Friday, August 26, 2011

Today is the last day of Sparkfest and our last chance to engage fellow bloggers with our stories of inspiration and motivation.

If you've read my posts all week long you already know that a single author, Elizabeth Berg, and her book, "Talk Before Sleep", sparked my yearning to write. Bam!

Still, the ground work for my journey from practicing physician to full-time writer was already firmly in place long before I took the first step. Beginning at an early age, I encountered people and enjoyed stories that set the whole inevitable process into motion.

I wish that I could go back now and say a special thank you to my sixth grade English teacher, Mr. Handley who caught on to the fact that I was already using a thesaurus when writing essays for homework. He picked up on it not because my writing was all that great, but because I used such BIG words, not all of them appropriately. But he was thrilled about it and encouraged me to keep on trying...or endeavoring...or venturing...or striving...

Mr. Franczak, in high school, taught me all I know about public I'm prepared for my first book tour...if and when it ever happens.

Miss Something-or-Other in college sent me on to honors English based on my term paper about "Walden Pond" by Thoreau, still one of my favorite books.

I'd also like to pay tribute to all the other physicians who relinquished their medical practices in order to write because, by doing so, they tacitly gave me permission to try it, too.

 For me, the desire to write ached and throbbed out of sight like an untended wound over the years. And not just to write but to write a novel…which, I learned, is not unusual for doctors. A lot of physicians write but the ones who write fiction...the courageous, curious, creative souls who dare to venture beyond academics, beyond memoir and essay, beyond self-help and into the odd and exotic world of fantasy, mystery, thriller, romance, drama and poetry...these are ones who intrigue me. Among the hundreds—probably thousands—of physicians who morphed into fiction writers are Anton Chekhov, Sir Arthur Conan Doyle of Sherlock Holmes fame, John Keats (Ode to a Nightingale), Oliver Wendell Holmes (An Aristocrat at the Breakfast Table) and on a more contemporary note Michael Palmer, Tess Gerritsen, Michael Crichton, Robin Cook, and my friend, CJ Lyons...among others. In other words, I have some pretty good company.

If you participated in this blogfest, you already know how difficult it is to settle on just a couple of books that made a difference in your life...there were so many! But still, some stand out for reasons we may not even recall. Anne of Green Gables, The Yearling, Freckles by Gene Stratton Porter, Peter Pan, Travels with Charley, and The Jungle come immediately to mind for me...because they're all lined up, battered and broken on the top self of my bookcase after over fifty years. Anne Lamott, Ann Patchett, Joan Didion, Joan Anderson, Anne Tyler, Jean Shinoda Bolen, MD, Anna Quinlen...oh, please--somebody stop me! Julia Cameron, Brenda Ueland, Stephen King, ad infinitum...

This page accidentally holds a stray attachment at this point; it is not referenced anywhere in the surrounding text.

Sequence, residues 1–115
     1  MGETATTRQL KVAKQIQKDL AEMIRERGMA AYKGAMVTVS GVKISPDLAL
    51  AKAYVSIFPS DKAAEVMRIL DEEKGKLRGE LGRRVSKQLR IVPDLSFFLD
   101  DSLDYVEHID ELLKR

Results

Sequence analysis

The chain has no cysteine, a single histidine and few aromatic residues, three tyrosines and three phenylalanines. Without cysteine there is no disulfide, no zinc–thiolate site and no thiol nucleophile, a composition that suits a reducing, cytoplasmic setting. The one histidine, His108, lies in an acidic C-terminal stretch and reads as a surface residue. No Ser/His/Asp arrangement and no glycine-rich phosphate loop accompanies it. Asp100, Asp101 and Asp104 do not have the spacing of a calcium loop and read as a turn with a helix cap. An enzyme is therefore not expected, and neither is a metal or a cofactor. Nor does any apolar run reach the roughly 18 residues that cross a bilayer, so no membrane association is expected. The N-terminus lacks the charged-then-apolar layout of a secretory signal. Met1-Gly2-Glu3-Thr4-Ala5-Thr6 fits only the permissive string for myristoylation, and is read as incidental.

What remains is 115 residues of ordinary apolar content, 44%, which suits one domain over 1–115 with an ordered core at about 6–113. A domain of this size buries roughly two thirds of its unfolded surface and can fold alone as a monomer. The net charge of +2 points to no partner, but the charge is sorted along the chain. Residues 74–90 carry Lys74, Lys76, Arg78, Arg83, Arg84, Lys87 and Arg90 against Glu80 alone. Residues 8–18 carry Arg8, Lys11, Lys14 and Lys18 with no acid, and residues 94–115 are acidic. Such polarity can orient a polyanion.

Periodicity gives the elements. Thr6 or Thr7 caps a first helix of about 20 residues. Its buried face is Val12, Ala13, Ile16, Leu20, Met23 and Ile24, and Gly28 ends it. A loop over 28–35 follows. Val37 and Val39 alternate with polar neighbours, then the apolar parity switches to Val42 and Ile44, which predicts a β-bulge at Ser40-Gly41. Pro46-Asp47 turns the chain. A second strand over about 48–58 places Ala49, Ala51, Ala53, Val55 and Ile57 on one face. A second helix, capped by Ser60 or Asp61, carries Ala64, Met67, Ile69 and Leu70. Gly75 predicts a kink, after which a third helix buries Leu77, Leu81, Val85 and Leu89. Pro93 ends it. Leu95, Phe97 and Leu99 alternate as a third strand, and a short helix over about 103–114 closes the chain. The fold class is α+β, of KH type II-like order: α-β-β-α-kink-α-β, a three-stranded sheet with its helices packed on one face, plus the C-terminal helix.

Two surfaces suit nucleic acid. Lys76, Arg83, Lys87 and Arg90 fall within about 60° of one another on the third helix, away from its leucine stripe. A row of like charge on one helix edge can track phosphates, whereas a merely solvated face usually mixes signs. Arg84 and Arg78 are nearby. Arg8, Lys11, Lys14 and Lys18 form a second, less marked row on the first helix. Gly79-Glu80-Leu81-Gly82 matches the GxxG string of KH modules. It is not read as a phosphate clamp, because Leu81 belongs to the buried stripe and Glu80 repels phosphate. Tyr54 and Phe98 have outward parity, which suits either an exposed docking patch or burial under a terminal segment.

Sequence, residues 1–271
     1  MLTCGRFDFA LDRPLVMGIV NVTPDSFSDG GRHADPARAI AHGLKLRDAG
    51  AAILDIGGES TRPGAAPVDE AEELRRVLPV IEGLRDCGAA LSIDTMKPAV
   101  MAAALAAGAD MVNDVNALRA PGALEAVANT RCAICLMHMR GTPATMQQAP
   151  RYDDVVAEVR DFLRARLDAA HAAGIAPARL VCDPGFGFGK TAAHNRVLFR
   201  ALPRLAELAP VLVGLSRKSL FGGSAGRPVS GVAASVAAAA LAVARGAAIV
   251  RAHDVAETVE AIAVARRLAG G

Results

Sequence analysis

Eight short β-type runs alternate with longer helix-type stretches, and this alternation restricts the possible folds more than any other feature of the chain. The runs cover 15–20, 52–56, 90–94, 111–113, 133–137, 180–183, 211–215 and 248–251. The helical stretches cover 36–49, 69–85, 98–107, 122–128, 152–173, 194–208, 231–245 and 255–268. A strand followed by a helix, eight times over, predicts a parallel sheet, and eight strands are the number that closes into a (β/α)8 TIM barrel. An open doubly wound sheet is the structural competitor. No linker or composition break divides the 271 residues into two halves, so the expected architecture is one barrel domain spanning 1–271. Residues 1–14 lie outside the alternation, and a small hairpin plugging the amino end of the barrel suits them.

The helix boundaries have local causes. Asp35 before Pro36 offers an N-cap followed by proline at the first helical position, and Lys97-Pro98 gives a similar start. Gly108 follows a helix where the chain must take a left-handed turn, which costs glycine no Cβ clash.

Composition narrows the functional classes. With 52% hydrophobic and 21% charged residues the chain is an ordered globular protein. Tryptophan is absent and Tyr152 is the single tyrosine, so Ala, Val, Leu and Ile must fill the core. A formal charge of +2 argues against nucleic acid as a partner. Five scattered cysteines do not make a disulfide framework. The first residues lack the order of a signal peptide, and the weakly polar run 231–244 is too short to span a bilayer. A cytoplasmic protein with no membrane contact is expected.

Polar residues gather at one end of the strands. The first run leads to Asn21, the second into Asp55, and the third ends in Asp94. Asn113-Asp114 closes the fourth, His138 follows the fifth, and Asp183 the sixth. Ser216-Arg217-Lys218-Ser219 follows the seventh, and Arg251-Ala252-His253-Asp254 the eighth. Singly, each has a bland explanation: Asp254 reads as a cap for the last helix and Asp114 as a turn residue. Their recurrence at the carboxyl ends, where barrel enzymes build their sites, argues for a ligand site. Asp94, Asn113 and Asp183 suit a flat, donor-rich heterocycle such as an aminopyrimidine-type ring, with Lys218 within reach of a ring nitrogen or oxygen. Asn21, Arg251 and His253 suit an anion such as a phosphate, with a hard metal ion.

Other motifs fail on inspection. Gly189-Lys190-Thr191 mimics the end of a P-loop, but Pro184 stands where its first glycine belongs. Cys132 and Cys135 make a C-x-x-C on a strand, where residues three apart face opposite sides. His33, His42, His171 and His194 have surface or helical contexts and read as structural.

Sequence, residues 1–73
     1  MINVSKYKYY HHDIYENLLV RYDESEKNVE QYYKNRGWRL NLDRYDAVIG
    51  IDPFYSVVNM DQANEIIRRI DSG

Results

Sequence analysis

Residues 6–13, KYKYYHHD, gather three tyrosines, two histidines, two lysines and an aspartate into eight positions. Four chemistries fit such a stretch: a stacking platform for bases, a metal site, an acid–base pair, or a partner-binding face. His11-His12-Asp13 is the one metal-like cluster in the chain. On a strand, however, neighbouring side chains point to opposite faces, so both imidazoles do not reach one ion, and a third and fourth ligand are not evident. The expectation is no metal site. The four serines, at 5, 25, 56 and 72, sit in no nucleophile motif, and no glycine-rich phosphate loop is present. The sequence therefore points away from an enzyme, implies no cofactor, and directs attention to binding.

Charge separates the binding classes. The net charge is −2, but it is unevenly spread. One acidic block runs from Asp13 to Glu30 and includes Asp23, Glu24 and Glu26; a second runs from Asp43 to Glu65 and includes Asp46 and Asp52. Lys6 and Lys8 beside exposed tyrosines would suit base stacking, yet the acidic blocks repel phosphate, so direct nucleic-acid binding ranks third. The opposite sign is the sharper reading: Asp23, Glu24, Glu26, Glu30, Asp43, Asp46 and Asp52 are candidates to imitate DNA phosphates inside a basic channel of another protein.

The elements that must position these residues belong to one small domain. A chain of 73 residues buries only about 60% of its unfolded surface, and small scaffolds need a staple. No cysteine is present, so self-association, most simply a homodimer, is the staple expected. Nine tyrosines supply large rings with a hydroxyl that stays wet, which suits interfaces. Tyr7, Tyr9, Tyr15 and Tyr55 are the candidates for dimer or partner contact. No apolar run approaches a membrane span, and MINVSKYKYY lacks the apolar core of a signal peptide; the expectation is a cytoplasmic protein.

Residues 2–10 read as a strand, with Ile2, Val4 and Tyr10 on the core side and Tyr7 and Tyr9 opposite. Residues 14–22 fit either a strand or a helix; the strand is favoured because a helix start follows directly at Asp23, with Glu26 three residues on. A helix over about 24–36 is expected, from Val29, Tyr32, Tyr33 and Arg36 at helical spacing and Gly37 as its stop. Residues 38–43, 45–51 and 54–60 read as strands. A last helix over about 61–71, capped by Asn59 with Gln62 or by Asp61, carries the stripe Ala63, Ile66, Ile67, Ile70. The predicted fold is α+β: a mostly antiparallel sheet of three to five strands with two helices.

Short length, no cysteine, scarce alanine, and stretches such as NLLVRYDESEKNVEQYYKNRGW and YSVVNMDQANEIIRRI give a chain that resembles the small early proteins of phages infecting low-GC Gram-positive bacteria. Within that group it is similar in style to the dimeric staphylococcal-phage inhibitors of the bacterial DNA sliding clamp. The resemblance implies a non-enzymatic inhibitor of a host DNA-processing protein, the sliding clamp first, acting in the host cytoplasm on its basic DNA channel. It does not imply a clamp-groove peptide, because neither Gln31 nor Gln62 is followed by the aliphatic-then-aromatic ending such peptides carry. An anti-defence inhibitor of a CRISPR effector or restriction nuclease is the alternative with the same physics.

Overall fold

Participating in this blogfest reminded if I needed a reminder...that reading and writing are as much an important part of life for me as diet and work and rest and recreation. I'd like to thank everyone who joined me this week and to extend a special note of appreciation to our hostess, Christine Tyler at I have enjoyed reading everyone's posts and I hope we can stay connected as we move ahead...wherever our reading and writing lead us!

"Imagination is more important
than knowledge."
--Albert Einstein--
Be still,

ps: I did it! I earned all ten points for good behavior! Thanks, Christine!


  1. I'd love to be able to go back and thank a ton of people. Lessons that I learned and didn't realize it until years later, words of wisdom that shaped my life, on and on. It's what makes me work so hard at being grateful every single day (and I do think you have to strive for that).

    Great post, and sounds like a fun blogfest. :0)

  2. You are so right...which is why we should strive to pass it on. Someday, someone may wish that they could thank us.

  3. Very interesting - I had no idea about most of those authors' medical backgrounds. Great Spark posts and best of luck following in their footsteps!

  4. Hi, Jan! My critique partner, Saumya, is a writer and medical student. I admire that so much! Both professions take a lot of energy and faith.

  5. Laura and Saumya--I wish you both the best of luck. If Saumya can keep on writing through her training and into practice, she will have a treasure trove of experience and wisdom to draw on. Thanks for visiting my site!

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  7. Funny, I can always remember the K-12 teachers' names, but not the college ones (save the college prof who had also been a high school teacher of mine, which was crazy!) This Spark blogfest has been fun to follow. I wasn't sure if I could pull it off, but I enjoyed reading the entries, anyway.

  8. Hi again. I recently got a blog award and would love to pass it on to you!

  9. Shannon--I think your blog is fantastic, esp. that Top Ten you did about reading horror, etc.

    Jillian--Thanks so much for the award! This is better than getting a star to wear on my forehead all day in first grade! I really appreciate it.

  10. I think many of us have teachers that were a big influence on us in many ways. I know I wish I could thank a few myself.

    Tossing It Out

  11. Way to go taking on the challenge at full speed! All of these entries are gems, and as funny as it sounds, I appreciate your appreciation XD